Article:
Innovation has a new home at Sears think[box]

Mechanical and Aerospace Engineering’s Umut Gurkan receives innovation award

Umut Gurkan, assistant professor in the Department of Mechanical and Aerospace Engineering, has won the $7,500 Belcher-Weir Family Pediatric Innovation Award from the Center for Clinical Research and Technology at University Hospitals (UH) Case Medical Center.
Gurkan discussed his award-winning project, “Functional Complete Blood Count for Children with Sickle Cell Disease via Easy-to-Use Biochip,” at UH’s fifth annual Belcher-Weir Family Pediatric Innovation Day in October. His research will explore using biochip technology to improve monitoring and care for children with sickle cell disease.


Engineering grad program named among the best by

Case Western Reserve earned top spots in two categories of’s list of the country’s best engineering graduate school programs.
The university was named No. 2 in the country in both career support and academic competitiveness.

Attention engineering faculty and students: Volunteers needed for upcoming Engineering Challenges Carnival

The Leonard Gelfand STEM Center and the Division of Education and Student Programs are partnering with the Great Lakes Science Center to host an Engineering Challenges Carnival for local youth on Saturday, Feb. 15, from 11 a.m. to 3 p.m.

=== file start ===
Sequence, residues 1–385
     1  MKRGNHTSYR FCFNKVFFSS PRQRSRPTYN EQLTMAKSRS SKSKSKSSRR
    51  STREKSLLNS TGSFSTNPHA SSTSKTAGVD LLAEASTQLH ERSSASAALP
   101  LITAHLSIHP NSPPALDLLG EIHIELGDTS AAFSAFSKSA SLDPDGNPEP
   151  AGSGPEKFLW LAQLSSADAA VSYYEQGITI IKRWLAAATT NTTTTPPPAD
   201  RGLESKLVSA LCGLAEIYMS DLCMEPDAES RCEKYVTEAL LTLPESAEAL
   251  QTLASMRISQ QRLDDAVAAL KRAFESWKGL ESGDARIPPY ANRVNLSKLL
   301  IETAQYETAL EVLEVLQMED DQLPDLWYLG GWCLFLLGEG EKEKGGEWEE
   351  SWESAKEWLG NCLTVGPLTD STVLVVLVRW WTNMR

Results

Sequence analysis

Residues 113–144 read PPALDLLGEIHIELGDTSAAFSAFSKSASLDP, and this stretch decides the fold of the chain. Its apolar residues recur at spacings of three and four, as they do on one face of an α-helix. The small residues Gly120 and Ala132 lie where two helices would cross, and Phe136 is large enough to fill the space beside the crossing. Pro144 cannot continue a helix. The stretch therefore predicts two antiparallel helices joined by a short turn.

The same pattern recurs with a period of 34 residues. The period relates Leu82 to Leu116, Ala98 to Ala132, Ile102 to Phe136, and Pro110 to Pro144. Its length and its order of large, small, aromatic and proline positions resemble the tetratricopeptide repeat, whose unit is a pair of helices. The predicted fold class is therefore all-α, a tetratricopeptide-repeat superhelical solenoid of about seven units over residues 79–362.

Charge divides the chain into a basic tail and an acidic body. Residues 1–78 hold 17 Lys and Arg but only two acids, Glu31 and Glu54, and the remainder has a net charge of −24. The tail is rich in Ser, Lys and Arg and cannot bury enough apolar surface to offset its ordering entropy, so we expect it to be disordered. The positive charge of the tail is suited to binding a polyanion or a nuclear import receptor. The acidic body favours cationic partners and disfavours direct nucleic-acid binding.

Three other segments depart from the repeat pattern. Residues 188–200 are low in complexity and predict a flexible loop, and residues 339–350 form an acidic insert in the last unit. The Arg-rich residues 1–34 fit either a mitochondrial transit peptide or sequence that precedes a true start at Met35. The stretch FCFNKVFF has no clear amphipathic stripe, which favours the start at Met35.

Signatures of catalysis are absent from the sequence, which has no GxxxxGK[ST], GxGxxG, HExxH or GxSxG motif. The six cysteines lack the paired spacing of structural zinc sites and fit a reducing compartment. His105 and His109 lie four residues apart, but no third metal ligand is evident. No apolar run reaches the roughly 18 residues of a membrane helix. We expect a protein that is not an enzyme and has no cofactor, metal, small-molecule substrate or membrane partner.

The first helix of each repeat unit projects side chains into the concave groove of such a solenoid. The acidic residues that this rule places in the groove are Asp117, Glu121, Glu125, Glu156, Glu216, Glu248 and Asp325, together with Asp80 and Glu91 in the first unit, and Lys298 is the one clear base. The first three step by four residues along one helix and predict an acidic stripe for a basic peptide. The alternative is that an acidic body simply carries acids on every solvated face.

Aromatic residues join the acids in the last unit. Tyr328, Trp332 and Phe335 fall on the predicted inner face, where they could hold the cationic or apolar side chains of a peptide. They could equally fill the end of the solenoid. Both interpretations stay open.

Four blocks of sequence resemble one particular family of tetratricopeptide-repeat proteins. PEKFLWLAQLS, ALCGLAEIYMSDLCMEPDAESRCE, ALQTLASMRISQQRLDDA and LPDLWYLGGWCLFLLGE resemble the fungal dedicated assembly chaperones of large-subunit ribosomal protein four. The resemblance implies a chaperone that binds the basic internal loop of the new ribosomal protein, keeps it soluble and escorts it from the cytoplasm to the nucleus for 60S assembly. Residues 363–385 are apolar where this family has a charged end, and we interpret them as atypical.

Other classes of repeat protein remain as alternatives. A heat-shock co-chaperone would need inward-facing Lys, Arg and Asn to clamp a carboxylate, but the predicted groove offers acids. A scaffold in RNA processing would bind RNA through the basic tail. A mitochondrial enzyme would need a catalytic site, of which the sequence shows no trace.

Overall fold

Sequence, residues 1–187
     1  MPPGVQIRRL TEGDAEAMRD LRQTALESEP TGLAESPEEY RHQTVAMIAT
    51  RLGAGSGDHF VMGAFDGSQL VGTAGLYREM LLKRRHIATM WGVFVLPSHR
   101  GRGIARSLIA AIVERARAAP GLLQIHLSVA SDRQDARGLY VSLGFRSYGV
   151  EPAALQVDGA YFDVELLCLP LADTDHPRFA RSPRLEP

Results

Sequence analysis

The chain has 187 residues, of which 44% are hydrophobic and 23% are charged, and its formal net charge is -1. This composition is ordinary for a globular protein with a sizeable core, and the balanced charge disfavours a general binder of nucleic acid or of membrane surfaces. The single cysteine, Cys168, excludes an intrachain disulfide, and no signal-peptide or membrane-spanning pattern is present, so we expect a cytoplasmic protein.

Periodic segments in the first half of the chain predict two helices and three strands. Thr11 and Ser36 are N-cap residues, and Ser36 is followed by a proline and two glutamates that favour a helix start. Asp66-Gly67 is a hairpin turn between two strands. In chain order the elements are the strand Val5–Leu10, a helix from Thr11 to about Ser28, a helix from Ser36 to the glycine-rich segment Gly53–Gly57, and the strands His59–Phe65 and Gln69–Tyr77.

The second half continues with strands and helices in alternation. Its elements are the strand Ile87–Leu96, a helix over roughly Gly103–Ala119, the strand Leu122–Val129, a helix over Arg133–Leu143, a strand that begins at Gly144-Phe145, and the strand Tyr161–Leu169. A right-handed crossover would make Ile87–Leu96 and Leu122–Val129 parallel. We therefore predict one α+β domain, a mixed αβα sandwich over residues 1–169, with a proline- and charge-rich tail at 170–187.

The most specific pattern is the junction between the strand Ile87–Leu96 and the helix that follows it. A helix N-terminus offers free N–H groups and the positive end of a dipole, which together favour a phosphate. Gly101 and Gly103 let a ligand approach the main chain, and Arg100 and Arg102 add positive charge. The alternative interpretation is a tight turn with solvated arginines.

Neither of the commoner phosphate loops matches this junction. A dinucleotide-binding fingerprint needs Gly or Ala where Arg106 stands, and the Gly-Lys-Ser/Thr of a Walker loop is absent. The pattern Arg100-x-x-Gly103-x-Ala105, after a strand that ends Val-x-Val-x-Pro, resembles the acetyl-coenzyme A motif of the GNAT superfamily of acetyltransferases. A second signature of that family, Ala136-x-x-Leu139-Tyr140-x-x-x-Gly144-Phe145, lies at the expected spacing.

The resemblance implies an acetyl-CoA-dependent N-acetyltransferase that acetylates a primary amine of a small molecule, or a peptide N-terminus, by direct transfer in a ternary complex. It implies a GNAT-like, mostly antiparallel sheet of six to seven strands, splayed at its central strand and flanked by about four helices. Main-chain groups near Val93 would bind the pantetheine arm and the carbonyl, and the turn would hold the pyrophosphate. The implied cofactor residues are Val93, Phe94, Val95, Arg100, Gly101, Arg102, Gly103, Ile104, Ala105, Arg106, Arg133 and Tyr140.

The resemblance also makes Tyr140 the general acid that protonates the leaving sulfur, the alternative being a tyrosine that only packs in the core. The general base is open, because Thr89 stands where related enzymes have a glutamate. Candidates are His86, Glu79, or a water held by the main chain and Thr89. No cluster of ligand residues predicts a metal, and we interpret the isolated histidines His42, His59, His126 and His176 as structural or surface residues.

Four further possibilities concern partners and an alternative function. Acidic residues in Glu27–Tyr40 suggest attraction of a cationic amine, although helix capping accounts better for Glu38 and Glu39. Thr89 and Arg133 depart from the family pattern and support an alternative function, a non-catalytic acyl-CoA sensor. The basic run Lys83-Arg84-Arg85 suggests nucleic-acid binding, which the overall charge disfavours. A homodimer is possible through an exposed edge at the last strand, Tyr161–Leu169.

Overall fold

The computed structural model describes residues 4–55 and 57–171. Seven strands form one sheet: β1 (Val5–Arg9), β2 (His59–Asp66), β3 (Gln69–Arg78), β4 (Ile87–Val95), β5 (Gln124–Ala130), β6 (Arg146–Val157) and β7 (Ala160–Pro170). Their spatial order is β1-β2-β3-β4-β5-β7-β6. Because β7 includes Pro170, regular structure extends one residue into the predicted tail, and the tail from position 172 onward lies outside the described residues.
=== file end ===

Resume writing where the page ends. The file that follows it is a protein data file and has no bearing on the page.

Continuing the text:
Volunteers are a crucial part of this event, and many will be needed this year. This is an opportunity for students, faculty and staff to engage children in learning about science and engineering through demonstrations and hands-on activities. More than 1,000 students and family members are expected to attend.

Research team building an MRI-guided robotic heart catheter

In a matter of years, a doctor may see real-time images of a patient’s beating heart and steer a robotic catheter through its chambers using the push and pull of magnetic fields while the patient lies inside a magnetic resonance imager.
Researchers at Case Western Reserve University have received a $1.3 million grant from the National Institutes of Health to perfect such technology over the next four years.

Biomedical engineering researchers aim nanotechnology at micrometastases

Researchers at Case Western Reserve University have received two grants totaling nearly $1.7 million to build nanoparticles that seek and destroy metastases too small to be detected with current technologies.
They are targeting aggressive cancers that persist through traditional chemotherapy and can form new tumors. The stealthy travel and growth of micrometastases is the hallmark of metastatic disease, the cause of most cancer deaths worldwide.